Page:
“The bond that links your true family is not one of blood, but of respect and joy in each other’s life.” ~ Richard Bach
“My family is my strength and my weakness.” ~ Aishwarya Rai Bachchan
“The other night I ate at a real nice family restaurant. Every table had an argument going.” ~ George Carlin
All relationships are complicated. But boy, family members are so entangled! What in the world can you do if a family member is so toxic they need to be cut out of your life?
There are three phases you must go through to make this as successful as possible. First, make sure. Second, make the cut. Lastly, manage all your other family relationships to address the shift in dynamics your actions caused.
Phase 1: Make Sure
This is a really big decision, so make sure you evaluate your relationship closely. Usually when my clients say they want to cut someone out of their life it’s on the heels of a big blowup. That’s not the time to make this decision.
If you’ve just had one more fight with your sibling or parent, take a deep breath. Give yourself some space to calm down so you can evaluate your options from a clear space.
From this clear space take an assessment of your role in the relationship. It always takes two to tango, so be honest with yourself about what you are doing to contribute to these events. Are you always already defensive when you speak to your sister so you come into the conversation aggressively? Then, of course, she responds with defensiveness to everything you say and you two are both off to the races again.
Are there things you can do to shift your role in the dance? Perhaps not bringing the last 15 years of resentments and anger into every conversation might produce a different outcome.
Is this maddening behavior a new occurrence or one that’s been going on for years? Is this all there is to your relationship or are there some good things also? Can you focus on those because this relationship is important enough to be salvaged?
Sometimes the answer is yes and sometimes it is no. Here are some criteria to evaluate if you should stay or go.
There is abuse. If there is emotional, physical, or verbal abuse then it’s time to go. You should always put your wellbeing and safety first.
Your interactions are mostly negative. Every relationship has its ups and downs but if this relationship has essentially no upside then it is time to move on; or at least take a break.
It’s affecting all aspects of your life. If the stress and anger generated from this relationship is affecting your sleep, your work, and your family life then the cost is too high to continue. If a 15-minute call with your mom causes you to snipe at your kids for the rest of the day, is that call worth it to you?
This relationship is negatively affecting your health. If your jaw clenches when you see your brother’s face on your phone when he calls or if you have a two-day migraine after visiting your mom then some serious changes need to take place.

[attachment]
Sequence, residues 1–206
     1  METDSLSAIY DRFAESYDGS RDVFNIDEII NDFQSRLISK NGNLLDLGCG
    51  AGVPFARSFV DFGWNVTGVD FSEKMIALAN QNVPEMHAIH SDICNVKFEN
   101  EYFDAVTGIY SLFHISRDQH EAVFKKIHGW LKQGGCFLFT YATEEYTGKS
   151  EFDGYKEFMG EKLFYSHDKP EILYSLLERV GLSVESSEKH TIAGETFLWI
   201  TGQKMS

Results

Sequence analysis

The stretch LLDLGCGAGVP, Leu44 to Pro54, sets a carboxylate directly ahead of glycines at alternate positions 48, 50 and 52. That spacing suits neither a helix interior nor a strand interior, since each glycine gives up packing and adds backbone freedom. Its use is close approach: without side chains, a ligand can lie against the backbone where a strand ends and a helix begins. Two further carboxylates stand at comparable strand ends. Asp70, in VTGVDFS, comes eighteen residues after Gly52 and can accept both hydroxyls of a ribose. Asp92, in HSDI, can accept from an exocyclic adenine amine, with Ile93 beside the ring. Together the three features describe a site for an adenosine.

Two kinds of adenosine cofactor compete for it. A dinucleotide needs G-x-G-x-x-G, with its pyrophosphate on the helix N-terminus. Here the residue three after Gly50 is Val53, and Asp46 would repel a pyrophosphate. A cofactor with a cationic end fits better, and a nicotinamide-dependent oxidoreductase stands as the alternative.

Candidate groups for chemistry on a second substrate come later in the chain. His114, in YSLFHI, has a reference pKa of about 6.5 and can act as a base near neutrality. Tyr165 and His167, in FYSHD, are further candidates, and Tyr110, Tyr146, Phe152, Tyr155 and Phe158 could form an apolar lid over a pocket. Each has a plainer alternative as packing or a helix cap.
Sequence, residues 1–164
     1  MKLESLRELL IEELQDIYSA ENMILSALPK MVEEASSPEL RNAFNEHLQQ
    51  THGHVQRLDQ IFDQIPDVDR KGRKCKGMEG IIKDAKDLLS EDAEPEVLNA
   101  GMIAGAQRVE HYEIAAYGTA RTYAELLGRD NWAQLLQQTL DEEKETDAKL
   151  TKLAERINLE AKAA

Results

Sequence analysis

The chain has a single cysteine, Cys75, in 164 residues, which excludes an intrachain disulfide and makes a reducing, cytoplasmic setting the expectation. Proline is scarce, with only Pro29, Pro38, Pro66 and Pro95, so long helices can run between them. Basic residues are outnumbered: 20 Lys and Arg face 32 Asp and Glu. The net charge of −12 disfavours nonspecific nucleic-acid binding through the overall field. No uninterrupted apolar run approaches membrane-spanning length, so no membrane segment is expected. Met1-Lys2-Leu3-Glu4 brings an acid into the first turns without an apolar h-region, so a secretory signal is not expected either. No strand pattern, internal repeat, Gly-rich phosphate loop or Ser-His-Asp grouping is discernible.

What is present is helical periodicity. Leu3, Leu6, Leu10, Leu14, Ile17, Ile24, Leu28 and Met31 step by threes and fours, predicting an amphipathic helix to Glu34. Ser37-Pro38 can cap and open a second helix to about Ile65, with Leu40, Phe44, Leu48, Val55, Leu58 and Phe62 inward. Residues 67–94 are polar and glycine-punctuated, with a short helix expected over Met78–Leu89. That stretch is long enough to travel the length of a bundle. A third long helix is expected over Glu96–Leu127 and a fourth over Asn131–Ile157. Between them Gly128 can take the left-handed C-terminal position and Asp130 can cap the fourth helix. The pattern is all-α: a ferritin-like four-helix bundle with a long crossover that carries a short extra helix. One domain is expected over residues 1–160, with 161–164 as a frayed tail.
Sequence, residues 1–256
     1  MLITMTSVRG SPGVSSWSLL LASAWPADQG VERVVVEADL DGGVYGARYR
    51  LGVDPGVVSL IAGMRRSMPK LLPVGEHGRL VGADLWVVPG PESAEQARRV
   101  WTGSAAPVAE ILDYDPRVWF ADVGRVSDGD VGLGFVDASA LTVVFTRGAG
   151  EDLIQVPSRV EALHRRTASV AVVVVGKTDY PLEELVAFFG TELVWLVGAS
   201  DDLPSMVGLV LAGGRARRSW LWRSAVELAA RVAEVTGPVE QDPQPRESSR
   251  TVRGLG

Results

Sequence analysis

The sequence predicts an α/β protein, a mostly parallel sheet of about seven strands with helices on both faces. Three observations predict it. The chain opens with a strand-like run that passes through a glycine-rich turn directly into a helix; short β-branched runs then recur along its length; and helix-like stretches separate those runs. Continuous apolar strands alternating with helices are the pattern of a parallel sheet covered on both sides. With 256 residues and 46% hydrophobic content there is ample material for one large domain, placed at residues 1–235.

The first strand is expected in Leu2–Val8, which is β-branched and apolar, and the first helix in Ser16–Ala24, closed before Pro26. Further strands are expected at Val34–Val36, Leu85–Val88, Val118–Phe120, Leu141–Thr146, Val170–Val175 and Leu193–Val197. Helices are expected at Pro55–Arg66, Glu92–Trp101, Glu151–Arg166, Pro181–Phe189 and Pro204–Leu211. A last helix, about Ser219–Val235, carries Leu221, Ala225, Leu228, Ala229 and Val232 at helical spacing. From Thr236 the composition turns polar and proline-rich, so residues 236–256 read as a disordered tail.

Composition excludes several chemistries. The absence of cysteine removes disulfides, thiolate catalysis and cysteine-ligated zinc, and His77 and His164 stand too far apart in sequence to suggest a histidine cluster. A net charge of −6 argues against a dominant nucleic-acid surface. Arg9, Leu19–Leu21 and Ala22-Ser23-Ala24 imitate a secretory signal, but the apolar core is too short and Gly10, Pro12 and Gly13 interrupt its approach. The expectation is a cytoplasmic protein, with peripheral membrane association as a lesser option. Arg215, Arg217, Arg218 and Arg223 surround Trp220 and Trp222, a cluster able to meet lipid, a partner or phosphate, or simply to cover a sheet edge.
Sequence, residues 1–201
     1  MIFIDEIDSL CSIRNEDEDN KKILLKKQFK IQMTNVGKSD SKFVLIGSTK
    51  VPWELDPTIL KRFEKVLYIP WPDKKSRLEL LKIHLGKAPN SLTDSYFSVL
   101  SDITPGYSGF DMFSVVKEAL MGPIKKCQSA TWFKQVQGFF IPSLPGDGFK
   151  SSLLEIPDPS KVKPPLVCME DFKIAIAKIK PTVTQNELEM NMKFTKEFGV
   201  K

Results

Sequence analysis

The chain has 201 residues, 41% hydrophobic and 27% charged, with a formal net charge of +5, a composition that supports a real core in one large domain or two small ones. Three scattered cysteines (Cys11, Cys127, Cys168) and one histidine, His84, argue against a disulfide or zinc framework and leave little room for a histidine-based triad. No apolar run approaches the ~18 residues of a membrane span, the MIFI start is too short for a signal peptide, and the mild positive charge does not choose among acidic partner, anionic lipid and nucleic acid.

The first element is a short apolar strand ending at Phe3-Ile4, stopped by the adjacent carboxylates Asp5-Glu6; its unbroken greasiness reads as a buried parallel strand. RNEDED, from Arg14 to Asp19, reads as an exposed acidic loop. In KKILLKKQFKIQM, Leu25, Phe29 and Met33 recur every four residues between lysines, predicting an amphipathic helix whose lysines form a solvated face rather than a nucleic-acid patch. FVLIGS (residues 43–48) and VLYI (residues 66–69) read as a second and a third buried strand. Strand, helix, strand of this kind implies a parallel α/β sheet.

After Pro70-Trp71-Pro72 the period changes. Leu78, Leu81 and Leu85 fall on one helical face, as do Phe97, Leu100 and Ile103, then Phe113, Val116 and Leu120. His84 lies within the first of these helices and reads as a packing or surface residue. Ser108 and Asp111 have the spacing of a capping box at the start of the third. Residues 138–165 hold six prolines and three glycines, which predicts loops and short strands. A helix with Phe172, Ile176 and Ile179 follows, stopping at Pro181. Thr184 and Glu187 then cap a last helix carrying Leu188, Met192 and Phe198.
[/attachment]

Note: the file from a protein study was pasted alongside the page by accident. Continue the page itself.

The relationship is one sided. If you only hear from your nephew when he needs money or a ride but he can’t seem to remember your kids’ birthdays or even bother to ask how you are, then it’s a one-sided relationship.
Phase 2: Make the Cut
If you have decided this relationship is not able to be worked on, then you must decide how deeply you want to detach. Can you make this an occasional interaction, maybe only seeing them at holidays? Or perhaps you can agree to not discuss hot button topics so that you can see each other without it going sideways. This way you can pull away to take care of yourself without having to completely severing ties.
If this relationship needs to be completely cut off at this point, then do that. Don’t let things just dwindle or avoid phone calls. Have a short, concise conversation about how you need to not continue the relationship.
Phase 3: Address the New Dynamic with Your Family
One of the reasons these relationships are so difficult is because they involve so many other people. There might be blow back from other family members who think you’re making trouble. Or your parents might be upset about the disruption within the family and pressure you to just get along.
Your role is to set new boundaries. Let everyone know that they do not have to pick sides. Both of you can be invited to family events. You can either attend and be socially polite with this person or you can decide not to attend.
The important thing is to stay in integrity. Do not gossip about all the things this person did in order to “explain” your decision. Don’t try to make others agree or take your side. The more grown up you can be, the quicker your family will adjust to this new normal.
Families are complicated and hard to get away from. That sword cuts both ways; on the one hand, they give us great skills for navigating the world, yet on the other they are hard to set boundaries with and even extract from if that’s what is warranted.
My hope is if you have one of these toxic family relationships that you take the time and energy to evaluate it, take responsibility for your part, and if needed, make the decision to put your health and wellbeing first. Even if that means losing someone who has been a big part of your life.
It won’t be easy, but you are worth it.